Curt Schilling’s Hall of Fame candidacy elicits debate and controversy among national baseball writers, but could this finally be the year the former Red Sox great gets inducted into Cooperstown?
Schilling’s pitching merits alone — a dazzling strikeout-to-walk ratio, a career 2.23 postseason ERA, and three World Series titles — leave him right on the verge of Hall of Fame inclusion.
But it’s the off-field drama that adds another level to Schilling’s case. Since his retirement from baseball, Schilling’s right-wing political views, which he has openly shared on social media, have gotten him fired from ESPN and caused voters to question his character when selecting him for the Hall of Fame.
The Boston Globe’s Dan Shaughnessy, Seattle-based writer Kirby Arnold, and national baseball scribe Jon Heyman are a few voters who have taken Schilling’s name off their ballots in the past because of his character.
Now in his eighth year on the ballot, the controversy around Schilling and the Hall of Fame has died down a bit. He reached the 60 percent threshold in 2019, marking a 15 percent jump from the previous year.
Voters seem to be coming around on Schilling, but he still needs another 15 percent increase to gain entry into the Hall of Fame in 2020. According to Ryan Thibodaux’s Hall of Fame vote tracker, 41 percent of ballots have been made public so far and nearly 80 percent of them have voted for Schilling.
Ahead of Tuesday’s announcement, here is what national baseball writers are saying about Schilling’s Hall of Fame candidacy.
See more from his conversation with Bob Costas on Monday. pic.twitter.com/19y3JT3olL
— MLB Network (@MLBNetwork) January 17, 2020
Jayson Stark, The Athletic
“It’s Year No. 8 on the ballot for Schilling. And I’m still wondering: If Twitter had never been invented, wouldn’t he have been elected long ago? I’m not planning to be a voter for the Hall of Twitter. But I’ve cast a lot of Hall of Fame votes for Schilling. And I’m still repeating the same glittering credentials that paint the vivid portrait of a Hall of Fame starting pitcher.”
Dan Connolly, The Athletic Baltimore
“At one point, I dropped Curt Schilling off my ballot for a year, not because I was making some political stance but because he fell to 11th on my list based on accomplishments. The whole time he has been eligible, I’ve regarded Schilling as a Hall-of-Famer, but sometimes not as worthy as 10 others. He made it back last year, and I imagine he will stay on mine until he is inducted or is snubbed 10 official times. No matter what he says.”
Marc Carig, The Athletic
“His resume includes three World Series championships, one World Series MVP (in 2001) and one infamous bloody sock. In 19 postseason starts, which covered 133 1/3 innings, he posted a 2.23 ERA. He was a polarizing figure even amongst his teammates. But you know what? The game is better with villains, and Schilling continues to be an all-time heel.”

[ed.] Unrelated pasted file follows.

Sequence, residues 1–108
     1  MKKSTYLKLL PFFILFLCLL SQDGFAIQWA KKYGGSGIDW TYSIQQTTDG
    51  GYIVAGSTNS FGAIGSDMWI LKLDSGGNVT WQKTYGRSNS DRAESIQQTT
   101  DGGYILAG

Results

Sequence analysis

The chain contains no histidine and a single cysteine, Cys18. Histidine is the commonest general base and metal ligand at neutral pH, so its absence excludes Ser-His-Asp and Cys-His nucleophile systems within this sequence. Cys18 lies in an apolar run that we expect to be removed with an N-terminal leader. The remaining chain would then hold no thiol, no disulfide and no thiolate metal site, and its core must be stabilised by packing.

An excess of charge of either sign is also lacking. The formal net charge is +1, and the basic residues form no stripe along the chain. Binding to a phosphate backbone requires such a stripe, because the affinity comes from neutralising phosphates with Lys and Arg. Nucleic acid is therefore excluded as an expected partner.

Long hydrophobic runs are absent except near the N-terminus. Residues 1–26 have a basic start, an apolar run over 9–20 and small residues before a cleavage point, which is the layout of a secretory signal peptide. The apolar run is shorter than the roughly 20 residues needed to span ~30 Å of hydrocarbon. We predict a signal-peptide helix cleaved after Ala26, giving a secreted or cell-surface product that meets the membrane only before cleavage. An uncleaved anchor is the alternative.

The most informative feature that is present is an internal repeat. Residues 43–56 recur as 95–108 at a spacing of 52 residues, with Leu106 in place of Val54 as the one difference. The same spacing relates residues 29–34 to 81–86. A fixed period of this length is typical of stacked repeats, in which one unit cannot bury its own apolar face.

Mark Saxon, The Athletic St. Louis
“The instructions to all voters are right there on the ballot. ‘Voting shall be based upon the player’s record, playing ability, integrity, sportsmanship, character and contribution to the team(s) on which the player played.'”
“It has become known as the ‘character clause,’ and it is the reason I left Schilling off my ballot. I understand that some players are going to have different values than I or other voters might and that some players are going to have extreme political or social opinions. Those views are constitutionally protected, but we’re instructed to take a player’s integrity and character into consideration when voting. And I believe this is about more than politics.”
Ryan Fagan, Sporting News
“He had six seasons with a WAR of at least 6.0, struck out at least 293 batters four times and led his league in full games four times. I didn’t hear anyone say, ‘But he didn’t win a Cy Young award,’ because that’s nonsense. He finished second three times, when he had WAR of 8.8, 8.7 and 7.9. Those are amazing seasons.”
“As for Schilling’s public heel turn, let’s just say I will not listen to his Hall of Fame acceptance speech, and I kind of hate that my vote will help eventually give him that stage. But what he did on the field — with his 3,116 strikeouts and 79.9 WAR leading his resume — undeniably earned a spot in Cooperstown.”
The San Fransisco Chronicle
Four out of the six writers have Schilling on their ballot.
“Schilling is back on after a year off because of last year’s packed ballot,” Oakland A’s beat writer Susan Slusser said.
Five of six writers voted for Schilling.
“I’ve vacillated on Schilling; this year, I decided to choose a side,” Chris Haft said. “His productivity was definitely good enough.
Chris Cwik, Yahoo Sports
While Chris Cwik doesn’t have a vote for the Hall of Fame, he wrote a column Friday explaining why Schilling doesn’t deserve to be in Cooperstown.
“His induction would be an egregious mistake,” Cwik said. ” A vote for Schilling is confirmation that none of the abhorrent language he’s pushed since his retirement matters. Schilling isn’t held accountable for spreading hate speech or dangerous views. Instead, he gets rewarded with the largest possible platform and the most prestigious title in baseball. It’s a slap in the face to the marginalized groups Schilling has targeted over the past couple years.”
In a recent interview with MLB Network’s Bob Costas, Schilling said he doesn’t think he’ll make it this year.
“The trend has usually been that players will drop a certain amount of percentage between the public and the private ballots,” Schilling said. “And I don’t think I’m high enough able that 75 [percent need for election] for the tail-off not to get me.”
More ballots with subsequent reasoning will be made public in the coming days. The Hall of Fame Class of 2020 will be announced Tuesday at 3 p.m.